The global peace and threat to international security is a well-debated theme at the United Nations (UN) since many decades, especially since the inception of nuclear weapons. The global nuclear politics had significantly influenced such debates related to various nuclear treaties and conventions.
In this context, at institutional level, the UN First Committee on Disarmament and International Security addresses the challenges to the global peace and offers cooperativearrangements towards many issues including universal nuclear disarmament. The latest 2018 session of UN First Committee on Disarmament and International Security debated the emerging trends of the nuclear non-proliferation regime including the humanitarian aspects of nuclear weapons. Such emerging trend has been attributed to the involvement of many international civil societies for translating this debate into a treaty.
In this context, the International Campaign to Abolish Nuclear Weapons received Nobel Peace Prize in 2017 for “ground breaking work” for pushing the debate on humanitarian aspects of nuclear weapon and hence, pitching this theme in a Nuclear Weapons Ban Treaty.
The Treaty on the Prohibition of Nuclear Weapons (TPNW), also known as Nuclear Weapons Ban treaty (NBT) was formally opened for signature on 7 July, 2017 at UN General Assembly. So far, there are sixty nine signatories and nineteen state parties to this treaty. This Treaty will be enforced in ninety days, after seeking ratification from the fifty UN member states.
This presents the legal requirement of binding the NBT articles on all UN member states. However, the existing political divergences among UN member states on NBT requires an attention that would eventually help to understand the relevant perspectives and concerns.
For this, the debate on NBT has been mainstreamed into three main groups. One group represents the voice of Non-Nuclear Weapon States (NNWSs) that argue in favor of NBT and align their concerns with the humanitarian fallouts from the use of nuclear weapon technology anywhere in the world. Rest of the two groups within Nuclear Weapon States (NWSs) argue in opposition of NBT.
The Treaty on the Prohibition of Nuclear Weapons (TPNW), also known as Nuclear Weapons Ban treaty (NBT) was formally opened for signature on 7 July, 2017 at UN General Assembly. So far, there are sixty-nine signatories and nineteen state parties to this treaty. This Treaty will be enforced in ninety days, after seeking ratification from the fifty UN member states
NWSs, in general, argue that the nuclear weapons are essential for the states’ survival and it deters its respective opponent from potential nuclear attack or threat in future hence, deterrence is maintained resulting in peace and stability. In addition, the U.S. allied NNWSs who seeks positive security assurances- allow U.S. to deter or attack against nuclear threat on their behalf- also strongly oppose this Treaty.
Considering the reservations on NBT, the inter-linked security challenges of the states and the role of nuclear weapons in retaining deterrence stability is worth to explore. The overview of statements by the NWSs at NBT suggests that the NWSs are not in denial of this debate of humanitarian consequences of use of nuclear weapons, but their national interest for state’s survival comes first to retain deterrence capability against their respective enemy.
Another reservation on the NBT mentions the existing overlap of the treaty with other nuclear non-proliferation treaties including the Comprehensive Test Ban Treaty (CTBT) and Nuclear non-Proliferation Treaty (NPT).In this context, on issue of nuclear disarmament, the P-5 NWSs- U.S., Russia, France, China, UK- are still not able to fulfill their decades old legal obligation of nuclear disarmament under ‘good faith ‘under article VI of NPT.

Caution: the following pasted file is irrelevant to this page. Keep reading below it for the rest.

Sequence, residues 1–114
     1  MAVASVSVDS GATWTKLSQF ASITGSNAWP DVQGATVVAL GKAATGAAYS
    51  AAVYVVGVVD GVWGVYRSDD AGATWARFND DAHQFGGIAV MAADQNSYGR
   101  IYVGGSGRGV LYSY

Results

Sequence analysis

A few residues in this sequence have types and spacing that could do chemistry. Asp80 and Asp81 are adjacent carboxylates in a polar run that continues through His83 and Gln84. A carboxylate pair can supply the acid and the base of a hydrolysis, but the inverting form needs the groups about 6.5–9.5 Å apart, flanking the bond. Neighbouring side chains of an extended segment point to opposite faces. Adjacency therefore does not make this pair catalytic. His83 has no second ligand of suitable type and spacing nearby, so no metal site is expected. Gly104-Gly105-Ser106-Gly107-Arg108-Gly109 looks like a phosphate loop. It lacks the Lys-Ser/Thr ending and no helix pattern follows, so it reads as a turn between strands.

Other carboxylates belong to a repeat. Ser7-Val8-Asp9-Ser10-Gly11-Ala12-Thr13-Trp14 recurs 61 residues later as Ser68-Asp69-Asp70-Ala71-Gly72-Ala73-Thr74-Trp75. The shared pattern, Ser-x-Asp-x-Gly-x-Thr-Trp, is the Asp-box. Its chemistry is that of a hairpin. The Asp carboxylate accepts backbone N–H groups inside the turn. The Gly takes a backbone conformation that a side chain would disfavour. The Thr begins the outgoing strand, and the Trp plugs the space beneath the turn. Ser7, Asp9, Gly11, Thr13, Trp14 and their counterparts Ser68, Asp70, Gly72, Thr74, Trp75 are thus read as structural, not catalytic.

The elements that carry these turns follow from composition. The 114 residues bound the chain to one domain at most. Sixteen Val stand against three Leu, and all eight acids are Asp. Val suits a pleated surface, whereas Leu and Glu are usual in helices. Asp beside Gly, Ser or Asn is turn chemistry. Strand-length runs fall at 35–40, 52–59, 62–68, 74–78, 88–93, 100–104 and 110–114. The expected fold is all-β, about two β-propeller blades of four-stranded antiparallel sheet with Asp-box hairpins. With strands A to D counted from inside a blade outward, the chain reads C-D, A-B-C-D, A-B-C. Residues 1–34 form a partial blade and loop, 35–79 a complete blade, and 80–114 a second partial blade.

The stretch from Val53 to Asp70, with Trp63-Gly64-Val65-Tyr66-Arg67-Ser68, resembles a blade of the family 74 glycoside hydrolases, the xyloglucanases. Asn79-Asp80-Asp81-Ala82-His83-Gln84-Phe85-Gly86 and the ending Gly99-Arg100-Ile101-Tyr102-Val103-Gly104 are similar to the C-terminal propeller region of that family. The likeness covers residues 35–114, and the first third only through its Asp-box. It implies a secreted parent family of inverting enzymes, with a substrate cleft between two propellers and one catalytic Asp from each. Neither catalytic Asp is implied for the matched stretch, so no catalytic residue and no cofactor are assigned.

Then, why would these NWSs pursue another legal obligation towards nuclear disarmament under NBT that lacks any incentives or quid-pro-quo like NPT that retains the P-5 monopoly over NPT. Also, before joining the treaty, the NBT calls for signing of Comprehensive Safeguard Agreements with IAEA and urge NWSs to declare its all nuclear facilities that is an already existing measure in case of NPT-NNWSs.
Whereas,the NPT NWSs will continue to seek the IAEA’s Voluntary Safeguard Agreements and will never compromise on declaring its nuclear weapon facilities that guard against their national security. At CTBT front, the banning of nuclear testing, which is also replicated under NBT, is facing a challenge of its entry into force and requiresforty four member-states including all NWSs to ratify it.
In all this debate, the NBT has lost its focus from addressing the theme of nuclear weapons and its relevance to the International Humanitarian Law (IHL). Defining the link between nuclear weapons and IHL offers a huge dilemma. Similarly, the NBT would never be able to offer any progress until NWSs would be a part of it.
The informal participation of NWSs on this subject will highlight the pros and cons of the existing issues to the deterrence stability with respective to their concerned region. For instance, the legitimate security concerns of the smaller NWSs against the developed ones definitely widen the threat to their respective state territory.
In such a scenario, the political use of nuclear weapons for deterrence stability against war-fighting becomes an essential notion for the survival of the state as well as attaining the political strength and stability round the globe. Hence, regardless of adopting the endless mechanisms,the nuclear disarmament could only be achieved through universal and non-discriminatory approach towards all States. Without focusing on these, the nuclear disarmament will always remain a challenge at global nuclear non-proliferation regime.
The author is a Visiting Research Fellow at South Asian Strategic Stability Institute (SASSI)
Published in Daily Times, February 28th 2019.